From Suzanne Watts Henderson, Ph.D., an associate professor of religion at Queens University of Charlotte, in response to Lawrence H. Summers’ column “No prejudice allowed on campus – unless it’s against Israel?” (April 1 op-ed):
In his article, Lawrence H. Summers rightly sounds an alarm about the dangers of silencing “uncomfortable” conversations on university campuses. As a professor of religious studies, I tell students that my job means exposing them to information that will likely unsettle facile assumptions they hold sacred.
But there are other dangers lurking throughout Summers’ article, dangers that compromise our campuses’ role in planting the seeds of a civil society. For one thing, the article glibly equates robust debate about Israeli policy with anti-Semitism, an equation that marks that debate as “off limits” in many circles – not just academic, but religious, social, and political as well.
Understandably, the Holocaust has ingrained in many Jews a palpable sense of vulnerability, so that even a classroom discussion about the Israeli occupation of Palestine can feel like deeply personal attack. It’s also made many non-Jews – rightly, I think – aware of the world’s mostly silent complicity in Hitler’s evil regime. Yet rather ironically, to equate open, critical discussion about Israeli policy with anti-Semitism promotes just the kind of silence on which all repressive power depends.
Another danger proceeds from the first. Summers’ article portrays Israel as “victim,” thus ignoring the stark disparity in power between Israel and the Palestinians. That disparity is systemic, enshrined in ways that curtail the rights, freedoms and resources available to non-Jews. Every day, non-Jewish residents of Israel and the Occupied Territories suffer the brunt of Israel’s power to restrict free movement, access to water, land ownership and building permits, educational opportunities and due process of law. To call Israel to account for these and other injustices stems not from hatred of “the Jews,” as if all Jews everywhere bear responsibility for Israeli policy. It stems from commitment to the ideal to which all self-identifying democracies should be held accountable: the use of power to engender the well-being of all their inhabitants.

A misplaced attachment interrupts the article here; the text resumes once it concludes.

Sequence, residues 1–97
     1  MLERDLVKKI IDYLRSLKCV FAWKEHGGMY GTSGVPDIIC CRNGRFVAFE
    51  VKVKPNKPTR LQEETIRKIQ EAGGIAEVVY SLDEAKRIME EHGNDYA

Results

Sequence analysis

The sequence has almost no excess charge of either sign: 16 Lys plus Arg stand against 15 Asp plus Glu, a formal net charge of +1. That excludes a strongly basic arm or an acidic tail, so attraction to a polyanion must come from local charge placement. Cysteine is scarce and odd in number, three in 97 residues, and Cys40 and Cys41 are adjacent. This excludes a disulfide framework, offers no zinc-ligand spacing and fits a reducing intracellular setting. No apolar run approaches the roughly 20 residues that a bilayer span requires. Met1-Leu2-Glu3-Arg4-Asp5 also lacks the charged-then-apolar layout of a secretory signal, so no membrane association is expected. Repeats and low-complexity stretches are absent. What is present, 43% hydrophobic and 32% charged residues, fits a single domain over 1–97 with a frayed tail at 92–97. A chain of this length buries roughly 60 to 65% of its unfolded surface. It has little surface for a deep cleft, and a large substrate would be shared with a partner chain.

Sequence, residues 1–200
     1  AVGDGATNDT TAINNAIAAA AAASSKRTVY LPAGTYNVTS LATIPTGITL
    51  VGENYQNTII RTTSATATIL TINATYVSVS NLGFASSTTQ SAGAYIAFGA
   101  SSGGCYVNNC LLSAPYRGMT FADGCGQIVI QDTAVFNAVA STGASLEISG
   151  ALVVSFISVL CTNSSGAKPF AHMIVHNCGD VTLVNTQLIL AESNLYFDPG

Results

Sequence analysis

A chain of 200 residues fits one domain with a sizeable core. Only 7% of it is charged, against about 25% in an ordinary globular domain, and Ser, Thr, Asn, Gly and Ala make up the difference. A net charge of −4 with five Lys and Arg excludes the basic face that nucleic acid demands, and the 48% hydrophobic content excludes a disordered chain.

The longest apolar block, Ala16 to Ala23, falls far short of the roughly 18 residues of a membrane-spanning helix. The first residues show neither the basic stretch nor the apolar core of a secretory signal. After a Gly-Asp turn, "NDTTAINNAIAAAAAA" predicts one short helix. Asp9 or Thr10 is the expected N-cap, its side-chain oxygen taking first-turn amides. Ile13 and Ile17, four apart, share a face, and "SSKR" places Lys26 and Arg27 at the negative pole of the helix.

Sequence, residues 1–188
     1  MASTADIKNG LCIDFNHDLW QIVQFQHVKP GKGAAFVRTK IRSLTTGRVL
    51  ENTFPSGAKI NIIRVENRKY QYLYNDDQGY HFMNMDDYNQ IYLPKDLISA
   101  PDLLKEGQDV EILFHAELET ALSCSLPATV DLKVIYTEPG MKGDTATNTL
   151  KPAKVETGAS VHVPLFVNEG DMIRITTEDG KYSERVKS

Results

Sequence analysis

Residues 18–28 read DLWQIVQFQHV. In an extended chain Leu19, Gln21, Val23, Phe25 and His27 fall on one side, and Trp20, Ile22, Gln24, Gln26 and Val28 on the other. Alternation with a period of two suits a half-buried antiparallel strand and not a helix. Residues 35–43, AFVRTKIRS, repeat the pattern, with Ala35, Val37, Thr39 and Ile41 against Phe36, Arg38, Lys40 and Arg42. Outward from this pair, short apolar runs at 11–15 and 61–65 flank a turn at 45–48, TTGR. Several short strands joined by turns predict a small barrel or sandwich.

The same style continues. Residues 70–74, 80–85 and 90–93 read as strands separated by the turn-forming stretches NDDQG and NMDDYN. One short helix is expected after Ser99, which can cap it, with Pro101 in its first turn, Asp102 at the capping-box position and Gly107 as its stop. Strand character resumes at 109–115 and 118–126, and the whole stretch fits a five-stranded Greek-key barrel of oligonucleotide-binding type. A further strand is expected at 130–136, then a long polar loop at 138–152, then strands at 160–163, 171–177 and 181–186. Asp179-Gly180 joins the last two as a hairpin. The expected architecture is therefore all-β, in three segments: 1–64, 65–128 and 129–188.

Finally, to stifle open debate about Israel in the university setting is to miss a ripe opportunity to promote the kind of deliberative dialogue about difficult topics that our world so desperately needs. Together, we must encounter new information, assess its accuracy, and reflect carefully on how it affects our worldview and our actions. We must be able to listen in a spirit of appreciative inquiry, and with a willingness to disagree well about important matters. As Woodrow Wilson put it, the academic community at its best draws “all minds to a proper adjustment to the physical and social world in which they are to have their life …: to enlighten, strengthen, and make fit.”
A strong, viable Israel depends not on greater sensitivity to those beholden to Israel as idyllic and unassailable. Rather, it depends on our ability to rise to the challenge of an uncomfortable conversation, one that aims to speak the truth in love, to lift up the voice of the oppressed, and to affirm the equal dignity of all of God’s children.